Another aspect previously investigated is the effect of fatigue on balance.12,30 Similar to proprioception, previous studies have shown that fatigue can negatively affect the ability to balance.12,30 Greig and McNaughton12 investigated the effect of a soccer-like exercise protocol on balance in 10 professional soccer players. Their results showed that the center of pressure displacement increased in the mediolateral and anterior–posterior direction after exercise. Similarly, Steib et al30 reported that for 30 active athletes (14 healthy and 16 with history of ankle sprain), a fatigue protocol induced worse performance for sway velocity, “Start Excursion Balance Test,” and time to stability, particularly for those with a history of ankle sprain. The findings of the studies on balance12,30 and proprioception31,32 reinforce the findings of our current systematic review, suggesting an increased risk of ankle sprain due to strenuous physical activity.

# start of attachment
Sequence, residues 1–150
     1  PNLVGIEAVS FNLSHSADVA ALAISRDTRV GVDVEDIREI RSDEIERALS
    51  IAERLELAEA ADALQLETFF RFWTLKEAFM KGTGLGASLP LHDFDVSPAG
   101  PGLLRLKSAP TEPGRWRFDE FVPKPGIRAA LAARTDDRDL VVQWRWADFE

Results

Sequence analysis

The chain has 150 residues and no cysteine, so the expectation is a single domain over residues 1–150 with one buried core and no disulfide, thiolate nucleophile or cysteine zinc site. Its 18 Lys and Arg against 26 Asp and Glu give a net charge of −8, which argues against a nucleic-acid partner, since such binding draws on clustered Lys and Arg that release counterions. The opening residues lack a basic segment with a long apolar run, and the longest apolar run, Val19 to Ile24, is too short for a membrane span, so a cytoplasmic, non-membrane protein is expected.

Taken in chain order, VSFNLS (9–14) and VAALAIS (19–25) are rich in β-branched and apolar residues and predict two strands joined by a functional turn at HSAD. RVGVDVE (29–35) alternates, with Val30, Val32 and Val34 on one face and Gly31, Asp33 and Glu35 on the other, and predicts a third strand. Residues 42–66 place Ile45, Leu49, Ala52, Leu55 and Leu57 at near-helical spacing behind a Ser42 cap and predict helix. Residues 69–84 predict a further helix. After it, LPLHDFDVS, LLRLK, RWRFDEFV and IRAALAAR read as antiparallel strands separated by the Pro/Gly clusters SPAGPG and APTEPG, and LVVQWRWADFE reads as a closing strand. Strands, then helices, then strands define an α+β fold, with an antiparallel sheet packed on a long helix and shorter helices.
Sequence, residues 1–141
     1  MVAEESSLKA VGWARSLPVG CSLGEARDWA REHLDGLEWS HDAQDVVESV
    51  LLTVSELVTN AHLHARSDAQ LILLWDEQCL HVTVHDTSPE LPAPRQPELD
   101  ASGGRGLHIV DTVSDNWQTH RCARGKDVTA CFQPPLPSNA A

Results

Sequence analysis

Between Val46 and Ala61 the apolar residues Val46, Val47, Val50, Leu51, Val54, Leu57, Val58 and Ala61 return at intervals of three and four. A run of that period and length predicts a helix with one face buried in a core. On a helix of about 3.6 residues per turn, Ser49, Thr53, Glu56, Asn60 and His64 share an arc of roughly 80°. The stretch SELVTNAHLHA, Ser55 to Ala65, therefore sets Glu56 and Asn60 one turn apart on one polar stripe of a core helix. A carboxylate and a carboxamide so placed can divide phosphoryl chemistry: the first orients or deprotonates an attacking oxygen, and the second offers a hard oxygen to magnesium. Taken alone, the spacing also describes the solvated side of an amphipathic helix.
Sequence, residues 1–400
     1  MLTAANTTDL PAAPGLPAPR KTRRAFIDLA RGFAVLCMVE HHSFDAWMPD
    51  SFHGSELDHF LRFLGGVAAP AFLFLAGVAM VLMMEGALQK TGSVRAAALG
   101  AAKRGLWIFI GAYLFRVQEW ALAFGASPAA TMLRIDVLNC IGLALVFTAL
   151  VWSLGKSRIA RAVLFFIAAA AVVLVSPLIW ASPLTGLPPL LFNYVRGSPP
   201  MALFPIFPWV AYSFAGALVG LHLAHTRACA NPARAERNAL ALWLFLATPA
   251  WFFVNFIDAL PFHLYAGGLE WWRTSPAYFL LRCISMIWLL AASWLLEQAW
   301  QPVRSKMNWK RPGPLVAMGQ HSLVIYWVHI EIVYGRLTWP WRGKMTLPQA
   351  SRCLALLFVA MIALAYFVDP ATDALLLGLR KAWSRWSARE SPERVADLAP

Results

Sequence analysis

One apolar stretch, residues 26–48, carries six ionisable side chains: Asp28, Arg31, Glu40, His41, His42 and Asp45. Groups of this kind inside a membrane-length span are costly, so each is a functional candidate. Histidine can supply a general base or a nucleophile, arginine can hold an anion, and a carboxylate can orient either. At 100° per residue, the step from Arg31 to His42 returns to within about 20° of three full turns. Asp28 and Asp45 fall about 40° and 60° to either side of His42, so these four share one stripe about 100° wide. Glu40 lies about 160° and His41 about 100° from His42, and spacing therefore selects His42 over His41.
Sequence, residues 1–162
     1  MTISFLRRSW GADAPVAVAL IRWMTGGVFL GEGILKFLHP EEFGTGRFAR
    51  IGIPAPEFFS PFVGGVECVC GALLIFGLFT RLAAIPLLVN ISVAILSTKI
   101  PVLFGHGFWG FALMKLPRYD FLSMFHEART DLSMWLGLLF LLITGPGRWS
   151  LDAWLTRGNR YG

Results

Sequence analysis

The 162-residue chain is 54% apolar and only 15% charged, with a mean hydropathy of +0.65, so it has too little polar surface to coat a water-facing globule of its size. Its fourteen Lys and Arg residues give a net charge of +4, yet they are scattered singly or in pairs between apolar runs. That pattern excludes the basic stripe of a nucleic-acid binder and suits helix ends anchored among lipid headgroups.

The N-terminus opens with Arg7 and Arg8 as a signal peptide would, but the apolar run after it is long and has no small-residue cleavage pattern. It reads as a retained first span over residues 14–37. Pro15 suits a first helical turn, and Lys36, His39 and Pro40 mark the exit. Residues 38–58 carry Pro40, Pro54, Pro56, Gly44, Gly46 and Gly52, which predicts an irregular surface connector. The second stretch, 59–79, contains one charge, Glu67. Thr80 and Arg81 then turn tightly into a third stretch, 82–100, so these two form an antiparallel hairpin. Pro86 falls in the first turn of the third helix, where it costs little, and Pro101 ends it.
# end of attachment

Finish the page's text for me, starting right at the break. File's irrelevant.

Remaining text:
The meta-analysis by quarters showed differences in ankle sprain proportions when the first quarter was compared with the other 3 quarters. The variability in the third quarter (95% confidence interval, 0.17–0.34) could create some doubt on whether there was a difference between the first and third quarters. Considering the level of significance found (P = .05), along with clinical reasoning, it seems reasonable to consider that there was a difference in percentage of ankle sprains between the first and third quarters. It seems though that the rest period cannot be considered sufficient to provide full recovery, as there was no difference in proportions of ankle sprains between the second, third, and fourth quarters.

Although this review raises the possibility that fatigue could be a contributing factor due to the increased frequency of ankle sprains at the end of the game, it does not conclude that fatigue is the sole risk factor or cause of injury. As identified in previous studies, there are other intrinsic risk factors that also influence the incidence and recurrence of ankle sprains, such as body mass index, decreased dorsiflexion, and history of ankle sprain.11,33,34 Developing and implementing prevention strategies to reduce the impact fatigue has on an athlete may reduce the incidence of ankle sprains but will not eliminate them entirely.